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YOU'RE under the shower, soaping up your belly, and suddenly you seem fatter. The bar of soap, freshly taken from its packet, seems tiny in comparison with your looming bulk. You feel like Gulliver in the land of Lilliput.
Here's the good news: for once it isn't you. The bars of soap really are getting smaller. The price of tallow, worldwide, has soared in the past year. Instead of 'fessing up to consumers and putting up the price of soap, the manufacturers have instead decided to shrink the product.
Bars of soap have typically gone from 125 grams to 100 (and in some cases 85). The manufacturers presumably hoped no one would notice. Well, bad luck: we did.
Right at the moment, half the products on the supermarket shelves seem to be in the process of shrinking. Paper towels are narrower; baby wipes are shorter; toilet paper has gone from 200 sheets a roll to 190. Welcome to the world of the Incredible Shrinking Products.
In some ways, there's nothing wrong with this. The weight and specifications are there for all to see, printed on the side of the box. And the shrinkage is due to the worldwide rise in food and material costs, rather than a desire to increase profits.
In countries such as the Philippines they're having rice riots and, given those problems, it may seem churlish to cry poor over a missing centimetre or two on a paper towel or a missing 5 grams in a can of tuna.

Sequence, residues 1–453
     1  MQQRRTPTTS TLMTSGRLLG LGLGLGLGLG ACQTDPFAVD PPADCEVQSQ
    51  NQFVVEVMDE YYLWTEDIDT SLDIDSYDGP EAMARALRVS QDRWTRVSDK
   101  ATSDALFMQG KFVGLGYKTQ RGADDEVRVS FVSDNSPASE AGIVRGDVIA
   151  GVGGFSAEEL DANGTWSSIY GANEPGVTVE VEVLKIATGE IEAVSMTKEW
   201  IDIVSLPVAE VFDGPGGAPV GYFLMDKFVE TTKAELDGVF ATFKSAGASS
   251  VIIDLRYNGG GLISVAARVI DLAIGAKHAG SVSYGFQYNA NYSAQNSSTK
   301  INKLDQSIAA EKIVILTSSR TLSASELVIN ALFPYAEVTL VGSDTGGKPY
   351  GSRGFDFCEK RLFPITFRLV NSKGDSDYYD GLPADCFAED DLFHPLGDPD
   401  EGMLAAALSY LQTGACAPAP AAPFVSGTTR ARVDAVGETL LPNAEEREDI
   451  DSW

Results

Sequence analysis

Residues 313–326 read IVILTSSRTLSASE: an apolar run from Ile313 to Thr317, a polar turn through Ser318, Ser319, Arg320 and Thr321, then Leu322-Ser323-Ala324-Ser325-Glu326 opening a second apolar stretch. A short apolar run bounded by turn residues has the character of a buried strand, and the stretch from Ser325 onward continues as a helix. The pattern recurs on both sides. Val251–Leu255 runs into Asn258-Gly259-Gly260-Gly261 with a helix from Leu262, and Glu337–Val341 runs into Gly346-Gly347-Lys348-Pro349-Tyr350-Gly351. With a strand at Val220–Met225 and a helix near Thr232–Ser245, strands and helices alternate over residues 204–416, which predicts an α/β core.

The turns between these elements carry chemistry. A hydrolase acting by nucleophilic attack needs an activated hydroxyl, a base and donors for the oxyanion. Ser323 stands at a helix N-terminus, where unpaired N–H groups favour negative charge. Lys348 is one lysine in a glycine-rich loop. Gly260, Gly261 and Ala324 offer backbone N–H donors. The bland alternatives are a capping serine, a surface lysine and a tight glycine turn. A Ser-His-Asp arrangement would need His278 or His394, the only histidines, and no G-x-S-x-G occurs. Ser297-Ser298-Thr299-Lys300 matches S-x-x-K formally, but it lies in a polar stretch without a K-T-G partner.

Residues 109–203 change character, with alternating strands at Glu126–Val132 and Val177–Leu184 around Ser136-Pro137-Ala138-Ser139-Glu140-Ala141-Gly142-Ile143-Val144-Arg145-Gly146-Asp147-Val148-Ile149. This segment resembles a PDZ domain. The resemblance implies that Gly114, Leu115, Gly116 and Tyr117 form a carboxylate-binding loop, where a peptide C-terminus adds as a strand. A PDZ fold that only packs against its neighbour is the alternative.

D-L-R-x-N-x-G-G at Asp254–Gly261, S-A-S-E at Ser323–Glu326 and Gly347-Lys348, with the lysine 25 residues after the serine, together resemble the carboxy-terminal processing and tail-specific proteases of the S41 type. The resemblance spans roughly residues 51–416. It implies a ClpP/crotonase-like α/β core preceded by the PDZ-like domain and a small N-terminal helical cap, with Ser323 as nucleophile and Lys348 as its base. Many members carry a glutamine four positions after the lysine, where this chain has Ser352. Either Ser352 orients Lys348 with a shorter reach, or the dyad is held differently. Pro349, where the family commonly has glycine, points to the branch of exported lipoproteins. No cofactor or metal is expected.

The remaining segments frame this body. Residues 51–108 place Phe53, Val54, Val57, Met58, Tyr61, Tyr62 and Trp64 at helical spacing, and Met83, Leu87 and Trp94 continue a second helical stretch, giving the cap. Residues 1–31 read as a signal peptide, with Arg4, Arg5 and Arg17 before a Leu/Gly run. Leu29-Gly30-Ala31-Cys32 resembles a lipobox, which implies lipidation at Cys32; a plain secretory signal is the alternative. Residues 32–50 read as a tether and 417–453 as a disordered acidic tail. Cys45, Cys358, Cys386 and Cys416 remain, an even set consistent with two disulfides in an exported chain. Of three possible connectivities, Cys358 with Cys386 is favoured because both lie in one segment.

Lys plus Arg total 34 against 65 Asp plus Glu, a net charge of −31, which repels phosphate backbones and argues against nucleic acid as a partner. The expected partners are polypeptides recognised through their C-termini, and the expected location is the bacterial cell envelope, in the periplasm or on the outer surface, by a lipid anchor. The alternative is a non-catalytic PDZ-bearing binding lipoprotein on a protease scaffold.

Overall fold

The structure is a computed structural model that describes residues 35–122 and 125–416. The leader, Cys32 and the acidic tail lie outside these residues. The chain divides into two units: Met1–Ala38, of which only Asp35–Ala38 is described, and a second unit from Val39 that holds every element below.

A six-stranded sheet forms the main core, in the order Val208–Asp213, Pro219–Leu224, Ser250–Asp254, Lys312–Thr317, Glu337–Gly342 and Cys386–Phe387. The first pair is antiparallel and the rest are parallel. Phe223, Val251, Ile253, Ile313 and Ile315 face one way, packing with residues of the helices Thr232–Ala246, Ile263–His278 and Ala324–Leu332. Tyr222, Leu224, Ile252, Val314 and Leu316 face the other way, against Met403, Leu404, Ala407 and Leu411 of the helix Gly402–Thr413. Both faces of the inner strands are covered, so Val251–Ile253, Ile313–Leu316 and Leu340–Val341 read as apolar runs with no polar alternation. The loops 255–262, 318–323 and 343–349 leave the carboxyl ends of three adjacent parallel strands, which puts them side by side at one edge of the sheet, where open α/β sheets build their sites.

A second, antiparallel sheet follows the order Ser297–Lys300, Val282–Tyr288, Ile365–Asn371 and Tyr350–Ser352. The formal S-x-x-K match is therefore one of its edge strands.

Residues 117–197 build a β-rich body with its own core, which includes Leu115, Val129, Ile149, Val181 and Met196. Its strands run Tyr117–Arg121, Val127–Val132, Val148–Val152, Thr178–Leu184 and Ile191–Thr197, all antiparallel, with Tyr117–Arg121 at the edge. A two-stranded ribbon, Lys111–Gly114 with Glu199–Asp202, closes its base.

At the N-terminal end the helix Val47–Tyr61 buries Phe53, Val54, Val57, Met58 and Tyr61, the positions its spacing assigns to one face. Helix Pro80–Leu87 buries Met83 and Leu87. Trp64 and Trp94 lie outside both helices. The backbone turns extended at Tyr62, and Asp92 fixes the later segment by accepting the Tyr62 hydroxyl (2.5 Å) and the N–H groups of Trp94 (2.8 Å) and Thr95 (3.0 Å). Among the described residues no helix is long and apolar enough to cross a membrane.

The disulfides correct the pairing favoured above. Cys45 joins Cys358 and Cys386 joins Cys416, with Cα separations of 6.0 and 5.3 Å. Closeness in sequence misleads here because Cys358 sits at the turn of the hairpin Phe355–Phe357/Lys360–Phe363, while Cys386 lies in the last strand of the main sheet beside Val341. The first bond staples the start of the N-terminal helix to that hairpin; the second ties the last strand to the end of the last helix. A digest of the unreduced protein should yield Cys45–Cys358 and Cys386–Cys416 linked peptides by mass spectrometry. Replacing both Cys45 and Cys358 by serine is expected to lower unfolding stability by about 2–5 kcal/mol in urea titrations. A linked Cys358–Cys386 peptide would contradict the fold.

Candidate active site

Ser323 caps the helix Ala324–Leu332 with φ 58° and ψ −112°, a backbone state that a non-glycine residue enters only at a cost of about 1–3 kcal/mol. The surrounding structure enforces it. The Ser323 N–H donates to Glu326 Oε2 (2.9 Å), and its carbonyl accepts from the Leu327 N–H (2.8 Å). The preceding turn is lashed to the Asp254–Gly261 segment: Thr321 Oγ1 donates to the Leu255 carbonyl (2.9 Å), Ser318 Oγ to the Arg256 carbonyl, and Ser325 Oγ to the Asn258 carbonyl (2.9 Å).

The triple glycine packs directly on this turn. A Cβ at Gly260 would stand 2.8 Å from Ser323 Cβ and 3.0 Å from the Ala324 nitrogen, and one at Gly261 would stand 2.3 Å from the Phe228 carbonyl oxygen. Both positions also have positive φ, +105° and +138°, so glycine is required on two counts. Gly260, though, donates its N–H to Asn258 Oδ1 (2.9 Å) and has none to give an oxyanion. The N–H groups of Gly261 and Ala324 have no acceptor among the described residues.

Yet just for our own sense of pride, I'd like the whisper to the manufacturers: you didn't get away it. We've all noticed.
Some companies, after all, have gone to extraordinary lengths to try to cover up the shrinkage. Suddenly, the tuna can has subtly tapered sides: the top is still the same diameter and the can is the same depth but the whole thing is 5 per cent smaller.
There are now jam jars with indentations in the base, like the punt or kick-up used to strengthen a champagne bottle. Since strawberry jam is not usually stored under pressure, the hollowed-out base is just an attempt to replace food with air, without anyone noticing. It's Houdini packaging, designed to trick the eye.
Some soap brands are even changing the shape of the bar, giving it a hollowed out shape for "added grip". This is good news for all of us who have been injured by flying bars of soap - slipping out of the hands of the unwary and hurtling across the room, all due to the dangerous "non-grip" designs of the past.
It's mere chance, of course, that the new "non-slip" shape produces a bar that contains much less soap.